Support, Cooperation, and Training for the Project Manager
By John Reynolds
No matter how experienced, competent, enthusiastic, and intelligent the person chosen for the job of project manager, he or she cannot expect to operate effectively alone, without adequate support and cooperation. This includes the willing cooperation of all staff engaged on the project, whether or not they report to the project manager in the line organization. It also includes support from higher management in the organization, who must at lest ensure the provision of finance, accommodation, facilities, equipment, manpower, and other resources when they are needed, and the availability of suitable clerical or other supporting staff. Just as those working on the project need to be properly motivated, so does the project manager, and supportive higher management who show constructive and helpful interest in the project can go a long way to achieve this. They can also help in the longer term by providing opportunities for training as new techniques or management systems are developed.
A person who is responsible for the overall allocation and progressing of project tasks will inevitably be called upon to decide priorities or criticize progress. The project manager must often arrange for the issue of work instructions in the full knowledge that he or she has no direct authority over all the departments involved. In a line and function organization, departmental managers alone are responsible for the performance, day-to-day management and work allocation within their own departments. I have even known cases where departmental managers have told project managers to keep out of their departments. In such circumstances the project manager’s influence can only be exerted as reflected authority from higher management, without whose full backing the project manager must be ineffective.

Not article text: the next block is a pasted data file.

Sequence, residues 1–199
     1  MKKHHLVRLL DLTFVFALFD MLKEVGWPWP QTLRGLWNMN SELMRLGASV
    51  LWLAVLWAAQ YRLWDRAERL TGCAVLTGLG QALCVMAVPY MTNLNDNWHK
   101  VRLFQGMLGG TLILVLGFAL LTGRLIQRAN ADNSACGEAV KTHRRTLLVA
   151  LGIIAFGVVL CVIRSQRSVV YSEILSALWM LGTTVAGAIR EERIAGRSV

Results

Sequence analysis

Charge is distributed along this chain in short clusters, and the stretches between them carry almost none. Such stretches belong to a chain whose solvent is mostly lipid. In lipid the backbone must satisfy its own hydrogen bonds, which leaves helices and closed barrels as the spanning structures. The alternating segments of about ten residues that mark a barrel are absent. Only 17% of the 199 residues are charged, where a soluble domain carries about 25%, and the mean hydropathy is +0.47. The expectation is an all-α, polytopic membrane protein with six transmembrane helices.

The main show of authority which the project manager can wiled stems from his or her own personality and ability to persuade or motivate others. In these enlightened times discipline no longer implies the imposition of rigid authoritarian regimes or management by fear through the constant threat of dismissal or other punitive action. Mutual cooperation and established job satisfaction are the more likely elements of an effective approach, especially in the long term. There will, however, be occasions when firm discipline has to be exercised – when, in the last resort, the full backing and support of higher management must be available as a reserve force which the project manager can call upon in any hour of need.
Sometimes it would be apt to include project managers in that group of individuals described as ‘human dynamos.’ There will be times when the apathy or inertia of some project participants has to be overcome by an electrifying injection of enthusiasm. The output of any dynamo, however, may be weakened if it is switched into an inefficient or wrongly connected circuit. The astute project manager will soon recognize any wasteful shortcomings in the project organization. If this happens, and an alteration in the organization can be proven necessary, the project manager should be able to rely on senior management to authorize and implement the change. Higher management, after installing the project manager, must provide continuous support and encouragement and work with him or her to create an ideal project management environment.
John Reynolds has been a practicing project manager for nearly 20 years and is the editor of an informational website rating project management software products. For more information on project management and project management software, visit Project Management Software Web.
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